Hyperautomation — New Age Automation with AI
Last Updated on February 23, 2022 by Editorial Team
Author(s): Amit Gupta
Originally published on Towards AI the World’s Leading AI and Technology News and Media Company. If you are building an AI-related product or service, we invite you to consider becoming an AI sponsor. At Towards AI, we help scale AI and technology startups. Let us help you unleash your technology to the masses.
Hyperautomation — New Age Automation with AI
Improving product engineering processes for faster delivery
Active minds look to obviate monotony. This is the seed of the greatest ideas that have ever transpired. Ideas that lead to progress, growth, and freedom from doing things manually. Over the past several decade advancements in technology has given us the greatest gift of all, time. Time to focus on our creative endeavors and leave it to the machines to carry out the tasks that our brains now consider mundane. As a species, it is our constant endeavor to make our lives easier and more convenient.
While the core meaning of “automation” remains the same, the usage of the word has truly changed over time. We have come a long way from manually switching on the ceiling fan to automatic temperature control in air conditioners everywhere. Things that we perceived as “automated” years ago, kept getting more and more automated and became more convenient to use. This is largely due to advancements in technology over the years. We never thought years ago that someday we could place shopping orders through an automatic speech recognition device like Alexa just by telling it so, make instant payments through wearable devices or use self-driving cars. Automation has given us a new sense of freedom. Freedom to choose how we spend our time and what we work on. This in turn leads to more advancements in everything we do or want to do.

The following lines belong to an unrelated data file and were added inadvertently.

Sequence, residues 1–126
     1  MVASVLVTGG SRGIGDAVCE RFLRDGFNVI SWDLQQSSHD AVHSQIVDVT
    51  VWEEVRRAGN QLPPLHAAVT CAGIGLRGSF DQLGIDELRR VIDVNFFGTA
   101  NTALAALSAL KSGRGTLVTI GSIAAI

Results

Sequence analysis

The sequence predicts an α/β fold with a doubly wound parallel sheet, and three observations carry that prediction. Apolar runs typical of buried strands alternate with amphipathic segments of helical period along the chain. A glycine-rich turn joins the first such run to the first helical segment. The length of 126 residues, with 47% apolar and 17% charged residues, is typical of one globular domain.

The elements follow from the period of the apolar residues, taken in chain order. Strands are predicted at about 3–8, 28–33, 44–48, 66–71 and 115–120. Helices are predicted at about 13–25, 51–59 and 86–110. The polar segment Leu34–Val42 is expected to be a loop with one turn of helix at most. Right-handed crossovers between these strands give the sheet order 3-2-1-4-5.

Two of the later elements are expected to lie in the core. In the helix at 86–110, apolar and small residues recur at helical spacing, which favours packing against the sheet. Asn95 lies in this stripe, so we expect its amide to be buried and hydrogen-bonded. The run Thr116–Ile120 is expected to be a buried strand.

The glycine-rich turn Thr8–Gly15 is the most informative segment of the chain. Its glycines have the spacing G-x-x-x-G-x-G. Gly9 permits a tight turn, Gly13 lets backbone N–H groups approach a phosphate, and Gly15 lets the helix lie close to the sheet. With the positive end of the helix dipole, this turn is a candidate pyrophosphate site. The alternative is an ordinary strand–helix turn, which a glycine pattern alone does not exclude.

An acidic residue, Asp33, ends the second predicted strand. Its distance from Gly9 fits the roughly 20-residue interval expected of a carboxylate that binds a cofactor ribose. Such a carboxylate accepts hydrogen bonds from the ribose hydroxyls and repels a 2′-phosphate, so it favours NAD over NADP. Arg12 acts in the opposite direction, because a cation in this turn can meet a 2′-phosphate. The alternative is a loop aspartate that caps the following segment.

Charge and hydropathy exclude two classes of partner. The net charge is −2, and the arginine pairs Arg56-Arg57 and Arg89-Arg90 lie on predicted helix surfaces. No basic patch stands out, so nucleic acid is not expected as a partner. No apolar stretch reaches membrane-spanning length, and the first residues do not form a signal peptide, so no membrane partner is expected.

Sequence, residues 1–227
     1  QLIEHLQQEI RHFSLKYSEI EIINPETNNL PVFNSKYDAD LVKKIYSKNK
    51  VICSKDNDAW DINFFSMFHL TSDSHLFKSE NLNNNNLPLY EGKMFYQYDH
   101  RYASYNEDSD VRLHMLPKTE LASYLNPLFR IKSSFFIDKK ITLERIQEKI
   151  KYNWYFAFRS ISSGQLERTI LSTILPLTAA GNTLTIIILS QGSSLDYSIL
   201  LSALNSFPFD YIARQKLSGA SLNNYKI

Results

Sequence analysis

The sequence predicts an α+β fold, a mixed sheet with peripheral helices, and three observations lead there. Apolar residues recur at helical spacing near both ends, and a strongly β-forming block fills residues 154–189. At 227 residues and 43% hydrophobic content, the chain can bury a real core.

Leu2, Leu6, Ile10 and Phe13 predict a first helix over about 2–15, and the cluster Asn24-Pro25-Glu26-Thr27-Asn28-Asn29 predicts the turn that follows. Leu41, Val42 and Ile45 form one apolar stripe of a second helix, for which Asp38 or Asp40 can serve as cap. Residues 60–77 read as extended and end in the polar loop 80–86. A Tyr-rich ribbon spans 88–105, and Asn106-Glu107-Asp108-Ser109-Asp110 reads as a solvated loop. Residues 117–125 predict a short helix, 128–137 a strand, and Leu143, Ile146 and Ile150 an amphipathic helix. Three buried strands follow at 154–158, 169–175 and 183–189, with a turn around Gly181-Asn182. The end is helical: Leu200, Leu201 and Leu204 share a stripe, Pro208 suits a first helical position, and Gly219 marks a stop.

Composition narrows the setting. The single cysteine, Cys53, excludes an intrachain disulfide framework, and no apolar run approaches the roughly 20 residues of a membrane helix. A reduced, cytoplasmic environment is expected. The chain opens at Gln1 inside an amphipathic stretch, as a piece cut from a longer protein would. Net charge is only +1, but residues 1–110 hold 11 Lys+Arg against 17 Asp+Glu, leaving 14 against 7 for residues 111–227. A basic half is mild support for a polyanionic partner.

Gartner introduced “Hyperautomation” as one of the top strategic trends recently. It is implied that anything that can be automated today, should be. It is about using multiple tools and technologies to automate end-to-end business processes and operations than mere task-level automation. Quite often there is some level of human-level decision-making involved in any process. Hyperautomation aims at reducing human intervention in a business process and automating it entirely to optimize efficiency and productivity. The most essential ingredients to intelligent process automation are Artificial Intelligence(AI), Robotics Process Automation (RPA), Internet of Things (IoT), and Business Process Management (BPM).